What began as a solo project by guitarist/vocalist Tyler Zanon in 2013 under the name Bedroom Talk eventually blossomed into a full-blown band by 2017, with the Vancouver-based Youth Fountain (then a duo) proudly announcing their presence with the debut single “Grinding Teeth” and a pair of Pure Noise Records releases that expertly toed the line between pop-punk fervor and more reflective emo moments.
Alternative Press hailed the band’s 2019 debut full-length, Letters To Our Former Selves, as one of the year’s very best, dubbing it the “perfect blend of emo-tinged punk to soundtrack reflecting on every single life decision you’ve ever made,” while North American tours with the likes of Free Throw, Can’t Swim, and Chris Farren cemented Youth Fountain’s sweat-soaked sound as something best experienced live – all while dodging a few stray elbows and overzealous crowd-surfers.
Now once again, Zanon finds himself as a solo artist following the departure of co-vocalist Cody Muraro in mid-2020 – but this time, he’s exactly where he wants to be. Youth Fountain’s new release, Letters To Our Former Selves – Acoustic EP, re-introduces Zanon’s project to the world, reimagining fan favorite material from the 2019 LP of the same name. The four-song collection tones down Youth Fountain’s trademark frenetic energy in favor of more subdued, melodic sensibilities, but expertly does so without sacrificing an ounce of the passion that captivated fans in the first place.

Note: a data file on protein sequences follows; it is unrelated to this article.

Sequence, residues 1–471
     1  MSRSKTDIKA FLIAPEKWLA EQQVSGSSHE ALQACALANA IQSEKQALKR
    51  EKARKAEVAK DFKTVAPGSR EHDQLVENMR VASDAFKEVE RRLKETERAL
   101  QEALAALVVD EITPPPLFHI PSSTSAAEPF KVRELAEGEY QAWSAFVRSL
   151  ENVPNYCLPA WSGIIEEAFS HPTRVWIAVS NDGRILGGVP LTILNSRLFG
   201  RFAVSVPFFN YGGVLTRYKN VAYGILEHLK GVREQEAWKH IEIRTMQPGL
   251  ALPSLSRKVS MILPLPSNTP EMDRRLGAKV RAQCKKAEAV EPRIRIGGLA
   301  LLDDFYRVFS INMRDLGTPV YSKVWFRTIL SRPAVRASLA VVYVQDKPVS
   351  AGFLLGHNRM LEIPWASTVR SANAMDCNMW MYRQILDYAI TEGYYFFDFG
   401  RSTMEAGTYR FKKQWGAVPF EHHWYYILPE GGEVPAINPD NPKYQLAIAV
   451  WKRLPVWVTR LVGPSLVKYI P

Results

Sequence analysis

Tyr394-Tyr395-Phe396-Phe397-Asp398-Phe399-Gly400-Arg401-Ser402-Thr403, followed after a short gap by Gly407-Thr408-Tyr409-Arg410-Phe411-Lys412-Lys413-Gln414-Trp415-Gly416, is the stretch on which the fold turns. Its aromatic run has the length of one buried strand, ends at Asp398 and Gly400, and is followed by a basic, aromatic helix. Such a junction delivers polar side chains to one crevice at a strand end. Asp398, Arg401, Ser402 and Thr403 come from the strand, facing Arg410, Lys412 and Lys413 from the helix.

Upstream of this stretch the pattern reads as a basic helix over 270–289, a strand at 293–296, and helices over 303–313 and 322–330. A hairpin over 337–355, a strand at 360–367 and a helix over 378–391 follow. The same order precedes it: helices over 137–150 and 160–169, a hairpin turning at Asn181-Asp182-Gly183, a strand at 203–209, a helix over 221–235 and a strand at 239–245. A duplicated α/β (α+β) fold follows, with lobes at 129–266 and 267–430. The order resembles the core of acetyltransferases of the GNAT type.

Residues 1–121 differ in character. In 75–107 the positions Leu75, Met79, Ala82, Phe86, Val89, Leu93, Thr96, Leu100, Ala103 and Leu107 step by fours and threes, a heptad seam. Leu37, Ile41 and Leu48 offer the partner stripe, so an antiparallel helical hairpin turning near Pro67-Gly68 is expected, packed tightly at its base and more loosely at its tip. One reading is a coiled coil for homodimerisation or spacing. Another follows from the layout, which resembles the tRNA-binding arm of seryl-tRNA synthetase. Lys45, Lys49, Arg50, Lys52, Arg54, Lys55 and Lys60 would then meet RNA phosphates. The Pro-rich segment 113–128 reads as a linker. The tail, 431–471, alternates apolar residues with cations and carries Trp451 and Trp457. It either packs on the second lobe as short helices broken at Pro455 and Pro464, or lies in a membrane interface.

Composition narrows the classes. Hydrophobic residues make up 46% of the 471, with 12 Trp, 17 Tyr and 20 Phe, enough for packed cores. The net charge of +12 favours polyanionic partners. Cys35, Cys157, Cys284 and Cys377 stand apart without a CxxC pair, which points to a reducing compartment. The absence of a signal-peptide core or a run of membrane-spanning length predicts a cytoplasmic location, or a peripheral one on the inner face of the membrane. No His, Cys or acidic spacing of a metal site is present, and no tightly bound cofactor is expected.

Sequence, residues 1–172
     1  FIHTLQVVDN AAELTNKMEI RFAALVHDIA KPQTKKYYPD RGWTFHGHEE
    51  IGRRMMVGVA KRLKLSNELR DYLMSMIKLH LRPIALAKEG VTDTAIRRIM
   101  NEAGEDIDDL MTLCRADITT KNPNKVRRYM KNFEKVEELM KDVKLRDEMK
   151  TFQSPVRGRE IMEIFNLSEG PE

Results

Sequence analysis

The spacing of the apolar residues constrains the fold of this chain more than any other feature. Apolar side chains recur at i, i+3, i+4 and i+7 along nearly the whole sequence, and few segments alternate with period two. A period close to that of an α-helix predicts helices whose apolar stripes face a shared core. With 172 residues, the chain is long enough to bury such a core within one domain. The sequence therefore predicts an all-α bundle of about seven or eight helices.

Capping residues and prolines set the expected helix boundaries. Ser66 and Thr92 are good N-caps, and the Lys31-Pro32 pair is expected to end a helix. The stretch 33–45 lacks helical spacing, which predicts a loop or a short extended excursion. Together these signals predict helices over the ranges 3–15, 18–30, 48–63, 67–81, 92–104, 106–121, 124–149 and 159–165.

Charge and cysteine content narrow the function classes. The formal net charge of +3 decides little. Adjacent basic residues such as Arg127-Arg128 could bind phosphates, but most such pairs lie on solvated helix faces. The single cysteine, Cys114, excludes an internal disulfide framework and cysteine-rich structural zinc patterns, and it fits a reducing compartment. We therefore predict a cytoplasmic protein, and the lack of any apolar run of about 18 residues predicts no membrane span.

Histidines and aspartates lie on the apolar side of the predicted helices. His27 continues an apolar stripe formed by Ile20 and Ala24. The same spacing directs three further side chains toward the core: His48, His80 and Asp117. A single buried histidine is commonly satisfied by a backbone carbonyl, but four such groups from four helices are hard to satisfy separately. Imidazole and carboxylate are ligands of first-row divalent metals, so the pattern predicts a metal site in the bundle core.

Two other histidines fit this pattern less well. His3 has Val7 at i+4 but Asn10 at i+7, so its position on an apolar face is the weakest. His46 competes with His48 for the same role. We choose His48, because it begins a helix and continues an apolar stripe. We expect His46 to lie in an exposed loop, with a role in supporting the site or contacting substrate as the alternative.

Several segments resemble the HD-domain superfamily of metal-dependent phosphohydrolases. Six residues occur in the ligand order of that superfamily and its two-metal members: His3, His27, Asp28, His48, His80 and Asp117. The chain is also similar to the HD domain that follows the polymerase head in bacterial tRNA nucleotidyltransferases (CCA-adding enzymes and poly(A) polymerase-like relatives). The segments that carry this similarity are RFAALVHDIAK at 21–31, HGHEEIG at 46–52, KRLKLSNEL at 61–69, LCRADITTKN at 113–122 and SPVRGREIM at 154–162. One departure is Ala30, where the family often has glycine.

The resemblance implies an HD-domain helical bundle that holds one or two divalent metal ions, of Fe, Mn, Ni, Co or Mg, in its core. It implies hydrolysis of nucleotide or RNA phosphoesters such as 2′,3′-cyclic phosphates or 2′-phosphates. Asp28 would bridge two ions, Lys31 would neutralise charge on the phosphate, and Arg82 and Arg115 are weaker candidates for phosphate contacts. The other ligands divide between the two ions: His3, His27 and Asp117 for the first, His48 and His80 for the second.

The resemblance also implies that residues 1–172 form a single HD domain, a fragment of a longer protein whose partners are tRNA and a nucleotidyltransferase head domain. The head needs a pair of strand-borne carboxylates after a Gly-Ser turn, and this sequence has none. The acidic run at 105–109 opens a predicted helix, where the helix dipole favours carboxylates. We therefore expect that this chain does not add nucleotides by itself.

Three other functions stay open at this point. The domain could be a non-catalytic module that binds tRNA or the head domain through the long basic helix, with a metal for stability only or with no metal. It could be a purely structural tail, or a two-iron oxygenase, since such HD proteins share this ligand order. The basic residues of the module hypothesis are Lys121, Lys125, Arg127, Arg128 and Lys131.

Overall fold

If anything, his toxic-tongued lyricism – much of it pointed inward in intense self-reflection – reverberates even louder without a sonic wall shrouding it. Not content to let the more serene setting mellow him out, Zanon pushes his vocals to the limit across the EP, stepping into the spotlight with the confidence and chops to assuage those concerned about the band’s future.
With a new energy and determination empowering Zanon, there’s a lot on the horizon for Youth Fountain. He’s been spending the pandemic hard at work readying the next full-band LP, slated for release in early 2021, and re-centering himself on why he began making music in the first place. In many ways, this musical rebirth is the best thing that could have ever happened for him, a chance for him to fall back in love with his own songwriting ability and bravely dare to continue pushing its limits under no one’s terms but his own.
“It’s so freeing to not have other cooks in the kitchen,” he says. “I have these visions of how I want things to sound, and it’s up to me now to execute on them. This all started as a solo project, so why not keep it going?”